Fr. Matthew said death is the ultimate mystery.  He writes about that mystery in this way:

“For birth and death are perhaps, indeed undoubtedly, the most profound of human experiences. And there is no getting used to them.  We come and we go. Where did we come from? Where are we going? The sort of questions children ask. And everyone with children knows that they can be profound, deep, upsetting.  Hence, being a Christian, being a person of faith, enables us to answer the child, to respond to a sudden encounter, or an anticipated joy, the ultimate.

We come from God and we go to God.

It’s as simple as that. And as beautiful. As profound. It is not only the usual answer.   It is the answer.”

Allow the ritual of Ash Wednesday to linger during Lent. It is a powerful reminder that we only have a limited time in which to experience the creation that surrounds and and the beautiful people that enrich our lives. Be humbled and give in to love. In the words of Ansarit of Herat:

Would you become a pilgrim
on the road to Love?
The first condition is that
you make yourself
humble as dust and ashes.

Mortal Flesh and Ash

dust-from-hand

Ash Wednesday. There is no other day like Ash Wednesday. The proud and the meek, the arrogant and the humble all made equal on Ash Wednesday. The healthy and the sick, the assured and the sick in spirit, all make their way to church in the gray morning or in the dusty afternoon. They line up silently, eyes downcast, bony fingers counting the beads of the rosary, lips mumbling prayers. All are repentant, all are preparing themselves for the shock of the laying of the ashes on the forehead and the priest’s agonizing words, “Thou dust, and to dust thou shalt return .”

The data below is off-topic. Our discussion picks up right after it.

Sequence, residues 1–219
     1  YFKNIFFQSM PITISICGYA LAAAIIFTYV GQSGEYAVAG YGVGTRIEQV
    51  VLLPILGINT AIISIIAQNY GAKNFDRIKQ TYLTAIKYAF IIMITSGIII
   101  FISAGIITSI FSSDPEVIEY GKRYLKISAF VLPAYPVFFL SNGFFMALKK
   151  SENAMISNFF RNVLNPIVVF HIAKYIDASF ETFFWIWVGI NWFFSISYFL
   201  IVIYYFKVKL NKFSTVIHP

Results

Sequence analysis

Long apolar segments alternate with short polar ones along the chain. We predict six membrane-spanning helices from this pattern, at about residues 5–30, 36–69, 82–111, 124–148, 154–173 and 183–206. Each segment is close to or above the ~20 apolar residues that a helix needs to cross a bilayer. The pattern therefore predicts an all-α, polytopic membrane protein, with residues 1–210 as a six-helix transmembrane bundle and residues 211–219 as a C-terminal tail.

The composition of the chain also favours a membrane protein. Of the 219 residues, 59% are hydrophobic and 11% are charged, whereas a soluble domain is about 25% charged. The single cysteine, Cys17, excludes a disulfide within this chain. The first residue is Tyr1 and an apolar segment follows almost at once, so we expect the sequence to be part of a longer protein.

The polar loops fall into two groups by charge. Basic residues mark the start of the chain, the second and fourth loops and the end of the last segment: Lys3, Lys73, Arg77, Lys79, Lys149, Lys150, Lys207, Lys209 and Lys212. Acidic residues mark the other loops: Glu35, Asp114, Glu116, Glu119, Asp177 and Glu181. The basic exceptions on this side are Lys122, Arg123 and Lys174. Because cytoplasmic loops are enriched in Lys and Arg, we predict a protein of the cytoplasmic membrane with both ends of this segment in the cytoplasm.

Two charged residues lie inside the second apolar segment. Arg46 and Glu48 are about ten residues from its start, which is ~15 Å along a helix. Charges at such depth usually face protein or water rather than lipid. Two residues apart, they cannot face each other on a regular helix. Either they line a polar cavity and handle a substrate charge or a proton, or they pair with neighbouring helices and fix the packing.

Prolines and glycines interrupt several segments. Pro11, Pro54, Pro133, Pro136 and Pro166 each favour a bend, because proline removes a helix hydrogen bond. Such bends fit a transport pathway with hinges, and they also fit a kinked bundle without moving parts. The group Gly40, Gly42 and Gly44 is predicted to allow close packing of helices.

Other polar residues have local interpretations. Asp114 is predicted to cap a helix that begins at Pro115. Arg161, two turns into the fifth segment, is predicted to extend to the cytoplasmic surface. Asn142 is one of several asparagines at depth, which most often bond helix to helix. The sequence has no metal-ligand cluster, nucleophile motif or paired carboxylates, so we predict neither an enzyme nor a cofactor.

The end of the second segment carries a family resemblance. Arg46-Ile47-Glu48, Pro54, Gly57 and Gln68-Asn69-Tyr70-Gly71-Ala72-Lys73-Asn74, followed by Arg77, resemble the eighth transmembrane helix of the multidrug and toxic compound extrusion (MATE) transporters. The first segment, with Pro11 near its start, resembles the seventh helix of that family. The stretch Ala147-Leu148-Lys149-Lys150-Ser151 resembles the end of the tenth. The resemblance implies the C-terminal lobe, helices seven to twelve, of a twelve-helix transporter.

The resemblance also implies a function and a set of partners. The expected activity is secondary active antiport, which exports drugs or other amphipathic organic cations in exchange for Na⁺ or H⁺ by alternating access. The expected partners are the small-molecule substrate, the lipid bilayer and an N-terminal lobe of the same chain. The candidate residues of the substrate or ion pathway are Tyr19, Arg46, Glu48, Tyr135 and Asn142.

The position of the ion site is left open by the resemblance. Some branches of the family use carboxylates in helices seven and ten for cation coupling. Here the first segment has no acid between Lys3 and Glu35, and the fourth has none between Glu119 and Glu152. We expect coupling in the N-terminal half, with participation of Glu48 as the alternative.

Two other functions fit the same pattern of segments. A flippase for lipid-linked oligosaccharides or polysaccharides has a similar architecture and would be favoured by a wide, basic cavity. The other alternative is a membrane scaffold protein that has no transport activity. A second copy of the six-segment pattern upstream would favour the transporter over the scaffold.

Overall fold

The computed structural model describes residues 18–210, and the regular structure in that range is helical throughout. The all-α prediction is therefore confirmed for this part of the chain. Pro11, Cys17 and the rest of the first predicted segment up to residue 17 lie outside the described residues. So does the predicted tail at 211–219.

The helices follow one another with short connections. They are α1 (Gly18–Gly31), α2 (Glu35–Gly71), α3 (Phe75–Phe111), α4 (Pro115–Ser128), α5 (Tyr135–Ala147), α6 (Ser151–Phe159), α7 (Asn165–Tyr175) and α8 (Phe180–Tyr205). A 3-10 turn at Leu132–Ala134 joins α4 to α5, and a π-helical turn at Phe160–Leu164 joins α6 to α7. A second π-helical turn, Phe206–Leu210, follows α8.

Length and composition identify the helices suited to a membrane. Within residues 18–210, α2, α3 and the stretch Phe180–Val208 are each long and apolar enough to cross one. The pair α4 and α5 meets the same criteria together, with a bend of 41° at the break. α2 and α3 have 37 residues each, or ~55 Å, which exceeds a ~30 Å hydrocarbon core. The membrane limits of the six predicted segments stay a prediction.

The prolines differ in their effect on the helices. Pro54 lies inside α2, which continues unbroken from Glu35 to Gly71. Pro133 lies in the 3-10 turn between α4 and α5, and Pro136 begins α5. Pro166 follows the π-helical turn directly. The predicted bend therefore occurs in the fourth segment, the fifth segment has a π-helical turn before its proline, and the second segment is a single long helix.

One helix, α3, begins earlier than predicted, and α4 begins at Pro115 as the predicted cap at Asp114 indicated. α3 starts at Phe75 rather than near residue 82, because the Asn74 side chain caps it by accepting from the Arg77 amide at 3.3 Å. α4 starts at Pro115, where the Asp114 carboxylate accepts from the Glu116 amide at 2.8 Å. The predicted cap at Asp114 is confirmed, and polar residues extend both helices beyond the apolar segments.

Rudolfo A. Anaya

Rumi: On Jesus

Rumi was a 13th century Sufi mystic.  A poet. A theologian.  A Muslim.  I’ve often thought he understood Jesus and the task of the church better than most 21st century Christians.  These words from Rumi about Jesus are among my favorite:

IMG_0368

“Where Jesus is the great-hearted gather.

We are a door that’s never locked.

If you are suffering any kind of pain, stay near this door. Open it”

The Essential Rumi, Trans., Coleman Barks